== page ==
Before big-bucks TV broadcasters had their way, English football games were played almost exclusively at 3pm on a Saturday afternoon. But when Sky Sports and other TV channels began to realise the appetite for watching live games from the comfort of an armchair, they started offering mega-money to the Premier League in a bid to show more matches – hence the birth of Sunday, Monday, Friday, etc. kick offs.
Then a change came along that would completely alter how football was broadcast in England: it was decreed that a ‘blackout’ would be introduced that would stop 3pm kick-offs being shown on UK TV.
Why Is There a 3pm Blackout?
Since the 1960s, no British broadcaster has been allowed to show top-flight games at 3pm on a Saturday. The rule applies to the Premier League, Championship, League One and League Two as well. But, why? Well, we have one man to thank: former Burnley FC chairman, Bob Lord. He argued that showing 3pm games on television would ultimately impact upon attendances at matches – thus, gate receipts would be impacted (costing the clubs money) and so too would the atmosphere within the stadium.
Many of Lord’s fellow chairmen and women agreed, so they approached the Football Association with the idea of a TV blackout. Remember, this was in the days before clubs were paid big money by broadcasters as part of media rights deals – the bulk of a football club’s revenue in those times came from fans buying tickets. Lord was something of a renegade who once banned Match of the Day cameras from Burnley’s Turf Moor home for five years – so opposed was he to football being televised.
Somewhat surprisingly, many at the Football League agreed, and so the TV blackout was introduced on Saturdays between the hours of 14:45 and 17:15 – no game can be broadcast in this window, with the exception of the FA Cup final (which has been shunted from 3pm to 5pm, by and large).
The blackout covers all levels of the professional game (BT Sport have broadcast occasional 3pm kick-offs from the National League), and includes games from overseas as well. Quite simply, you will never see a game of professional football broadcast in football between those hours. This isn’t just a voluntary blackout; it’s now enshrined in law as UEFA’s Article 48.
When King Charles was coronated in May 2023, however, Sky Sports threw convention to the wind and showed Manchester City vs Leeds United – the first time the blackout had been contravened in the best part of six decades.
Which Countries Have a 3pm Blackout?
You don’t need to be a math genius to count up the number of countries that abide by a 3pm Saturday blackout. England, Scotland and, curiously, Montenegro are the only three nations that have voluntarily signed up to UEFA’s Article 48, which is not a law or edict but merely a piece of guidance.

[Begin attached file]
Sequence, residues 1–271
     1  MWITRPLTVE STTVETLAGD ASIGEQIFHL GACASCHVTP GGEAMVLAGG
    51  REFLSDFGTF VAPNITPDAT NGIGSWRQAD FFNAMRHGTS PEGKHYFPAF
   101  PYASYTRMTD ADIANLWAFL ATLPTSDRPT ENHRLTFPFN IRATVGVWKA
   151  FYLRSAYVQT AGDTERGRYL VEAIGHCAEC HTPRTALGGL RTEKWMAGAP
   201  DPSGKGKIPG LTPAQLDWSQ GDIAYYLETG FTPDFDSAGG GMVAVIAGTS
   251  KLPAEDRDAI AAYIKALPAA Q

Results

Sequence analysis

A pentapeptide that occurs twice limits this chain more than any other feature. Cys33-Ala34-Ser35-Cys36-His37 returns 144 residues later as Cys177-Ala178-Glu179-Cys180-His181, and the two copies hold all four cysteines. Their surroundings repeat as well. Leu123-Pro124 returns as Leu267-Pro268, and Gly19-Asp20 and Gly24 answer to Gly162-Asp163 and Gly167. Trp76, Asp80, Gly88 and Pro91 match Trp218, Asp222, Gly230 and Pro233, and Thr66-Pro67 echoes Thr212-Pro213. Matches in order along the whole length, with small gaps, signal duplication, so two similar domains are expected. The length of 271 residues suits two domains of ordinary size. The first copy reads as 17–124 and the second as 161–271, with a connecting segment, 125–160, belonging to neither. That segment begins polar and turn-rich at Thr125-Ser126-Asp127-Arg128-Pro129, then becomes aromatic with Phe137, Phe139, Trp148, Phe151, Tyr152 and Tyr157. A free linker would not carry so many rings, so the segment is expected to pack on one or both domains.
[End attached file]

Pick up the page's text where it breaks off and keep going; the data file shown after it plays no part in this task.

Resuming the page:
That hopefully helps to explain why, if you’re overseas on holiday or a business trip, you can watch the Saturday 3pm kick offs on international soil. Although many leagues in Europe don’t have a set 3pm kick off time, games in La Liga, Serie A, the Bundesliga and Ligue 1 often cross over the 14:45-17:15 threshold – they simply decided to opt out of Article 48 altogether.
Will the 3pm Blackout Be Scrapped?
This won’t come as a huge surprise, but many football fans that pay significant amounts of money each month in subscriptions to sports channels want the 3pm blackout scrapped. At the time of writing, the Premier League has resisted the urge to lift the prohibition, with EPL chief, Richard Masters, suggesting that the blackout is here to stay. He states,
We’ve been proponents of Article 48 for the entire Premier League, and I don’t see that changing in the near term.
But, are they missing a trick? With monster companies like Amazon and Apple queuing up for a larger slice of the Premier League TV rights, how many more millions would be made if the traditional Saturday afternoon kick-offs were included in the rights packages?
There could, however, be some consolatory news for armchair football fans ahead. According to some reports, the Football League are planning to scrap the blackout in the Championship, League One and League Two – meaning that broadcast partners would have the opportunity to show games between 2:45pm and 5:15pm on a Saturday afternoon. The reason? They believe that the TV rights would be worth a lot more without the blackout included, with the likes of Sky Sports expected to almost double the value of their deal with the EFL if 3pm Saturday games are allowed to be broadcast.
The EFL’s current TV deal ends at the denouement of the 2023/24 season, at which point the highest bidder is likely to walk away with the largest slice of the action. It’s not impossible that every game from every club in the EFL could be live streaming, allowing fans to buy a ‘season ticket’ to watch from home rather than having to hope that one of the TV channels will show their team’s games.
That could be the future of watching non-Premier League football in the UK – it would almost certainly bring about an end to the 3pm blackout. Would the EPL then be forced to follow suit?